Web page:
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'Get it Right'

The University of Birmingham's Mark Pallen says that, after frequently being asked to, he's tired of talking thesis. And so, over at his Pathogens: Genes and Genomes blog this week, Pallen puts forth some no-frills advice on how to write an acceptable PhD thesis. As a whole, Pallen says a PhD thesis should adhere to all stylistic rules — regarding "margin sizes, order of front material, and length of abstract," et cetera, he says — and should not be oppressively lengthy or alarmingly brief. ("Suspicions will be aroused if the thesis is too short — [fewer than] 200 pages — or too long — [more than] 300 pages," Pallen says.) He adds that "for the thesis as a whole and for each chapter, there should be a clear separation between the kind of material that belongs in the introduction, in the methods section, in the results section and in the discussion," and he discusses what content goes in those sections in detail. As for the thesis defense, a PhD candidate must "demonstrate knowledge and understanding of all the work that has been done, and the background to it," as well as on all relevant basic concepts in his or her field, Pallen says. He adds that since judgment committee's word is generally final and not able to be appealed, it's best to "get it right before you submit."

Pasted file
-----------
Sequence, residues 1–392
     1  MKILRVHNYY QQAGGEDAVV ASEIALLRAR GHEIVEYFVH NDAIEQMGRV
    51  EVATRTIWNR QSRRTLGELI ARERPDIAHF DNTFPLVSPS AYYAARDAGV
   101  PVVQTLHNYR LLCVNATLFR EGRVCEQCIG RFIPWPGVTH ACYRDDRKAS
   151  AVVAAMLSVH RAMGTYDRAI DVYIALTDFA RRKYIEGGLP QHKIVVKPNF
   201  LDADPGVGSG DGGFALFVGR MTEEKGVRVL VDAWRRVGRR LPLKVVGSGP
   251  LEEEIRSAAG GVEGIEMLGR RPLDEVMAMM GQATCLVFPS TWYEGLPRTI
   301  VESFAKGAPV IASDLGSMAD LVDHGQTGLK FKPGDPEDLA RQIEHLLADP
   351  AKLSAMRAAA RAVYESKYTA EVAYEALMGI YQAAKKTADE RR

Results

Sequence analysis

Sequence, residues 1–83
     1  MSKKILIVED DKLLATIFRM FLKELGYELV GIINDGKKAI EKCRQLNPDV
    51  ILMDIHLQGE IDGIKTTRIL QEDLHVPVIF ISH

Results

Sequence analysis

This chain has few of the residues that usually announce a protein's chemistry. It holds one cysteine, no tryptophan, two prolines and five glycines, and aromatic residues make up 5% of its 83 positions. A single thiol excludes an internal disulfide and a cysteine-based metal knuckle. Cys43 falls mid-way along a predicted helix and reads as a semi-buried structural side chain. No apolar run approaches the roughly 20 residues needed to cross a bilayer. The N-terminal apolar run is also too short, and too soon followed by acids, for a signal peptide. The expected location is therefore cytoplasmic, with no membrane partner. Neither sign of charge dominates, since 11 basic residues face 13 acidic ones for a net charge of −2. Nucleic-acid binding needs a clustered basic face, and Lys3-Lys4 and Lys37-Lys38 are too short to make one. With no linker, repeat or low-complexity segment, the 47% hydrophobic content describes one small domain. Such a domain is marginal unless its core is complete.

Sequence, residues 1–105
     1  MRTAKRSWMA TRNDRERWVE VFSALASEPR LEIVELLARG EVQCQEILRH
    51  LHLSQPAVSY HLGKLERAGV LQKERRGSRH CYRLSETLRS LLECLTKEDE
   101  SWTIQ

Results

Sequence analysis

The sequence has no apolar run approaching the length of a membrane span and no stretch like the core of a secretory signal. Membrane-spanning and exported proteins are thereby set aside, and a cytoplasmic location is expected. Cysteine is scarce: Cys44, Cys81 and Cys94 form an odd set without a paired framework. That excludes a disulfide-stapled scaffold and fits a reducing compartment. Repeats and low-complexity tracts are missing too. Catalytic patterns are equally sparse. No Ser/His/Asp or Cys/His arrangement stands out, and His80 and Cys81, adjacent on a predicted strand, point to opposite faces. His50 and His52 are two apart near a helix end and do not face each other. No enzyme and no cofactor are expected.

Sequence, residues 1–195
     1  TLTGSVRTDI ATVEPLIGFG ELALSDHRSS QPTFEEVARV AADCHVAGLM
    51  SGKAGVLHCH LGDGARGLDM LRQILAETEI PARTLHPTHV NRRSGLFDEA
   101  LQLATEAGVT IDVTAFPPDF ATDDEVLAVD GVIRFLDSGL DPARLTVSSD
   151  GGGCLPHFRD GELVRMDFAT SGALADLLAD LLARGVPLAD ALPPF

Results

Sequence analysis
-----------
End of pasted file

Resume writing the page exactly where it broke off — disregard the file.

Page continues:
The Scan

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